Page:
Cuba is the largest island and one of the most beautiful islands in the West Indies. Cuba is the only Communist state in the Americas and lies about 90 miles south of Key West, Florida. Towering mountains and rolling hills cover about a third of the island. The rest of Cuba consists mainly of gentle slopes and broad grasslands. Cuba has a magnificent coastline marked with deep bays and sandy beaches.

The many landscapes of Cuba lend themselves well to the adventurous. The fabulous coral reefs, among the largest in the world, are a magnet for snorkellers and divers. At the south end of the island, hikers flock to the spectacular Sierra Maestra, Cuba's highest mountain range.

Know before you go

CAPITAL: Havana

LANGUAGE: Spanish

COUNTRY CODE: CU

ELECTRICITY: 110/220V, 60Hz
To power any electrical item an international adapter or a two pin plug is required

POPULATION: 11.326 million

CURRENCY: Cuban Peso

DIALLING CODE: +53

TIME ZONE: GMT/UTC -5

Cuba Climate

Cuba lies within the northern tropics and has a semitropical climate. Cool ocean breezes during the summer and warm breezes in the winter give the island a mild climate throughout the year.

Average daily temperatures across the island range from about 70°F (21°C) in winter to about 80°F (27°C) in summer. The interior has a greater temperature range than the coastal regions.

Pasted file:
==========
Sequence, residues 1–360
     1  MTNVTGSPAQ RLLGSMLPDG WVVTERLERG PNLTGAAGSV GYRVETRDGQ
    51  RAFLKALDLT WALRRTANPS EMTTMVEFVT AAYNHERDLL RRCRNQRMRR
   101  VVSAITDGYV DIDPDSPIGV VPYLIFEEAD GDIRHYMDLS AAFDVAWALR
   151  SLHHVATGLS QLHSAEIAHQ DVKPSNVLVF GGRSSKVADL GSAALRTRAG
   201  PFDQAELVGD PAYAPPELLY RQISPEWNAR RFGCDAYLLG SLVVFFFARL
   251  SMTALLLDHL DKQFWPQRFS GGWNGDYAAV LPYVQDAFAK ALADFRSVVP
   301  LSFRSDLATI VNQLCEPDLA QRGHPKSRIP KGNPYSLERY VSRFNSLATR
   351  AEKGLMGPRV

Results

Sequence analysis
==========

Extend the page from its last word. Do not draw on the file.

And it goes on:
Hurricanes frequently strike the island. Hurricane season lasts from June to November. Earthquakes also occasionally hit and they occur most frequently and most severely along the south-eastern coast.

Travel Warning

Most visits to the country are trouble-free. Beware of pickpockets and bag-snatchers, especially in Old Havana, on public transport, at major tourist sites and in nightclubs. Items such as phones and laptops are highly sought after in Cuba and are particularly attractive to thieves.

There are a small number of bogus tour agents and taxi drivers operating at the airports and around Old Havana. Don’t travel with anyone other than your tour operator. If you need to take a taxi, make sure it’s a registered one and not a private vehicle.

Car-related crime and muggings occur from time to time, not only in Havana but also in Santiago de Cuba and other areas. Take care in central Havana at night. Use a taxi rather than walk, even if you’re only a few blocks away from your destination. Don’t stop for hitch-hikers as they’ve also been known to carry out attacks.

Although there’s no recent history of terrorism, attacks can’t be ruled out.

Information provided by the Foreign and Commonwealth Office in the UK www.fco.gov.uk

Cuba in depth

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